Sorry, nothing funny for last Shabbat. It’s end-semester rally which doesn’t quite help considering that I start to grow tired of the whole Israel issue. Since less then three months, when I started deliberately following the news considering Israel oit has come t my mind that there might be little difference between the topics of the news now and the topics ten or even five-teen years ago. Well but then during the time of Arafat there might have been more hope for peace however I am anything but sure that there’s a lot of hope today. And what might be even sadder then that is that I am not the only person who feels that way: NZZ’s Naomi Bubis wrote, a mere week ago:
The depth of political disinterest can be shown by the debacle of the Lebanon war two years ago. Even after this painful caesure no influential protest movement came into existence. Though there has been a board of enquiry, but Olmert who has put the country into a plan-less war, is still sitting in his air-conditioned office in Jerusalem. Even back then he didn’t take responsibility. And the Israeli? They went back to their everyday routine, which is moving further away from politics. The Israeli, said Galili-Zucker, were deeply unpolitical today and felt completely cut from those who decide about their fate. Also in private surroundings retreat can be felt: Whilst antecedent politics was discussed passionately among friends, these days one talks about football [soccer] work and children.
As much as I disagree with Ms Bubis on a range of other topics (such as the importance of stopping Iran from producing nuclear weapons) I do agree with her on this topic. Israelis too seem to have grown tired of the conflict happening all around them. They now have seen for three to four generation how nothing changed much for the better and if so things would soon move the other direction. It’s no wonder even them, who have been so ecstatic about coming back to Israel, are to reach a point where the youth following what unfortunately seems to be a global trend, gives up on the idea of changing (their) world. They rather settle into a life that mostly seeks to ignore and cope with what is happening around them. And by the by: Of course in the PA it’s just the same.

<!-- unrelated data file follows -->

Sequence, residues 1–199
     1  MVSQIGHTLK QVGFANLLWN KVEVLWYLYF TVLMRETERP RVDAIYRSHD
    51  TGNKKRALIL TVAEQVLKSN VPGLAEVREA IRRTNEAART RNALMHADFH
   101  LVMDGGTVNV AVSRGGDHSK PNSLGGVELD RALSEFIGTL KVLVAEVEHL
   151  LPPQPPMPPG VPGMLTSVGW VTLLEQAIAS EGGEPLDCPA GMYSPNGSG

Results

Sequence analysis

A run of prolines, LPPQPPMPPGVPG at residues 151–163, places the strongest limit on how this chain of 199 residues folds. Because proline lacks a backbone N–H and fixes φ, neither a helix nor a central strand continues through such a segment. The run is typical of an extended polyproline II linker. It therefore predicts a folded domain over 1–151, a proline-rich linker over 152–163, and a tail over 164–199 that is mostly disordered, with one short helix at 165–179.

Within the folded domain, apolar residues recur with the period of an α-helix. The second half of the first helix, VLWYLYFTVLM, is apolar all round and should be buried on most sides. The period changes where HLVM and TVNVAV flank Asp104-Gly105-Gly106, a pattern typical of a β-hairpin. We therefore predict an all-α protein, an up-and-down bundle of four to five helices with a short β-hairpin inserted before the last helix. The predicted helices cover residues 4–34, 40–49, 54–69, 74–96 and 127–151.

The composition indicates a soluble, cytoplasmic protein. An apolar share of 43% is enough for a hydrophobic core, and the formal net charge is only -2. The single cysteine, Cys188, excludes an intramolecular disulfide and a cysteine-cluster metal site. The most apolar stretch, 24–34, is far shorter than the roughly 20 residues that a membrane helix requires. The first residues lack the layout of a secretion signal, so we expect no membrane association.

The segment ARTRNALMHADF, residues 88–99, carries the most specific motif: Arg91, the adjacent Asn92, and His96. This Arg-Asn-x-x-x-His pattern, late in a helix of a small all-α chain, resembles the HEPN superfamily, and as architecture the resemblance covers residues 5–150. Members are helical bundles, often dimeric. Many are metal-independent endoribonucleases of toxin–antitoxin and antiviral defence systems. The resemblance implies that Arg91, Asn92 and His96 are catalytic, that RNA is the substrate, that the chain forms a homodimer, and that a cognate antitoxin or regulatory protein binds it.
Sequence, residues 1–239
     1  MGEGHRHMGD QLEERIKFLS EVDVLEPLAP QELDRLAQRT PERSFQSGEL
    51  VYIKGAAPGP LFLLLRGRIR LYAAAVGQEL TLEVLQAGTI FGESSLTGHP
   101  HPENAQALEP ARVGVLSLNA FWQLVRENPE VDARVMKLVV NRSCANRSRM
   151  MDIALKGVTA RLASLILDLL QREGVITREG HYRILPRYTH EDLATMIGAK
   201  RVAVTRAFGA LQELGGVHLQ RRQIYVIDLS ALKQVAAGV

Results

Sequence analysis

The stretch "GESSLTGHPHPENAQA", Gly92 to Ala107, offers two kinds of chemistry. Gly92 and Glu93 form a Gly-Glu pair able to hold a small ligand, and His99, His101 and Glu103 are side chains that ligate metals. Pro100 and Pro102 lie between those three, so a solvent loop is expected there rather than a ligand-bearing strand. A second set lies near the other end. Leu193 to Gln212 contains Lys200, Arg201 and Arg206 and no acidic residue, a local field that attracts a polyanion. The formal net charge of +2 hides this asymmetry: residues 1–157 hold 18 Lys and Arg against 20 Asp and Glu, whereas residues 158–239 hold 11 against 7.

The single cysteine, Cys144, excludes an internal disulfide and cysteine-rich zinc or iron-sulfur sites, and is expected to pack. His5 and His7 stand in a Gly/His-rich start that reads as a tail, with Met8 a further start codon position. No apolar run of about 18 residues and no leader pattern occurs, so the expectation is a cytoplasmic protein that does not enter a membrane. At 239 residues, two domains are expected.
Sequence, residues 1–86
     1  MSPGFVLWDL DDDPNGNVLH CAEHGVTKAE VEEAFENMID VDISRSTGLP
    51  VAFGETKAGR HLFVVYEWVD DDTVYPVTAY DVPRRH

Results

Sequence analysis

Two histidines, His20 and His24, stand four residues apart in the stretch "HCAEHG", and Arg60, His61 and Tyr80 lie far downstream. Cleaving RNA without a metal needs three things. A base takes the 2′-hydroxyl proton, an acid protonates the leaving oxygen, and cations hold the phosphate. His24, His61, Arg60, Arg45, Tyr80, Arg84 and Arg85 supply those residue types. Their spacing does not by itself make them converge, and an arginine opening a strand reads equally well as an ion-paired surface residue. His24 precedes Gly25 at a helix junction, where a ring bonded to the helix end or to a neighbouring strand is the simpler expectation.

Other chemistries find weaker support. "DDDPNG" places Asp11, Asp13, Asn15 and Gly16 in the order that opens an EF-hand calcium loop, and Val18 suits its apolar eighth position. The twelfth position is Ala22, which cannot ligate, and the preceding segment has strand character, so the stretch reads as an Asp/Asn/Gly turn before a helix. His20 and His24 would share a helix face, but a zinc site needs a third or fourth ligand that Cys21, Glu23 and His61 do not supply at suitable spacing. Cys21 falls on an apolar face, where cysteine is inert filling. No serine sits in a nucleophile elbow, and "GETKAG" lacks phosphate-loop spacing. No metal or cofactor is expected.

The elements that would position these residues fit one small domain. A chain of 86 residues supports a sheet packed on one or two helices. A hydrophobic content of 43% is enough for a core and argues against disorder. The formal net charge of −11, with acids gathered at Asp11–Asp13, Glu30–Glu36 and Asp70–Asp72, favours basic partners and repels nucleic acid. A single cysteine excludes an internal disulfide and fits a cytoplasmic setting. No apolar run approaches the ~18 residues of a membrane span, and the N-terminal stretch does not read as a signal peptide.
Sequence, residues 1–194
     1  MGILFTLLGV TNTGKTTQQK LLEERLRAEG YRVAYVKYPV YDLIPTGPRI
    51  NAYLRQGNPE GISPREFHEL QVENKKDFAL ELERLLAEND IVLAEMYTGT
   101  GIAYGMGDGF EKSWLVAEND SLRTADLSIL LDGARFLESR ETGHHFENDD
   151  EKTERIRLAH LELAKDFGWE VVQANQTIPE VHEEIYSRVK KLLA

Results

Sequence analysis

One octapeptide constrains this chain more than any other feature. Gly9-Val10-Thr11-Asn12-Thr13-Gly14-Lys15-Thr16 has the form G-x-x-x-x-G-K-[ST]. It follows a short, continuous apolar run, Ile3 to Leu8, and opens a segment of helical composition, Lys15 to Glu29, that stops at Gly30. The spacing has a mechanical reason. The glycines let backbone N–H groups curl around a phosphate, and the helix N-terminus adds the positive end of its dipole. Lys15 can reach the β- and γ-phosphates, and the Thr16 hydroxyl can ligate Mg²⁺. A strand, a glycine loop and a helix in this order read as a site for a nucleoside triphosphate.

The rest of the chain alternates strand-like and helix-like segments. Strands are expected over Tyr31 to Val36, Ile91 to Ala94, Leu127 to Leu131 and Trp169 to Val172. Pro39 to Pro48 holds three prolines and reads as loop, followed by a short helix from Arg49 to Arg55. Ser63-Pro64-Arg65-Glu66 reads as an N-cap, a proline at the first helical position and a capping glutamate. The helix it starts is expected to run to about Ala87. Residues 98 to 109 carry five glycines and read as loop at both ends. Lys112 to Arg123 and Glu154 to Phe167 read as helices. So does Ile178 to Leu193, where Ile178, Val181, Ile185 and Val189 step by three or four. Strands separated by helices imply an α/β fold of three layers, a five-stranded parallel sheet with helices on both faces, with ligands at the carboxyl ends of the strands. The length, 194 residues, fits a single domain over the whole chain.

On a smaller scale quite the same has happened to youth in Europe: I, as much of my fellow Generation X kids, have been out of the streets in thousands protesting, spreading the word about whatever seemed to be a development going the wrong direction. We where there. We where thousands out in the streets, sometimes joined by adults sharing our cause, sometimes all on our own. And what happened? Nothing. Exactly nothing. Even when the US were about to bomb Afghanistan, later Iraq I was out on the streets as were millions of Europeans and Americans. No one cared. It was just one more line in the news. So who wonders young people who have grown up learning that aren’t into politics anymore? When would they have learnt that they have the ability to change anything? And who can blame them if they feel democracy has failed terribly? Even if they don’t dare to say it out loud …
To put things in a nutshell, it’s hard to go out these days with a smile on ones face truly believing in the possibility of change. In the power of the pen over the sword. (Or the keyboard over the machine gun). Yet as many pagans believe there’s as much power in things as you put into them so maybe if people just believed that they can change things we really could. As for me this believe is what keeps me going. Even on days where I fear I might end up sending my own children into war.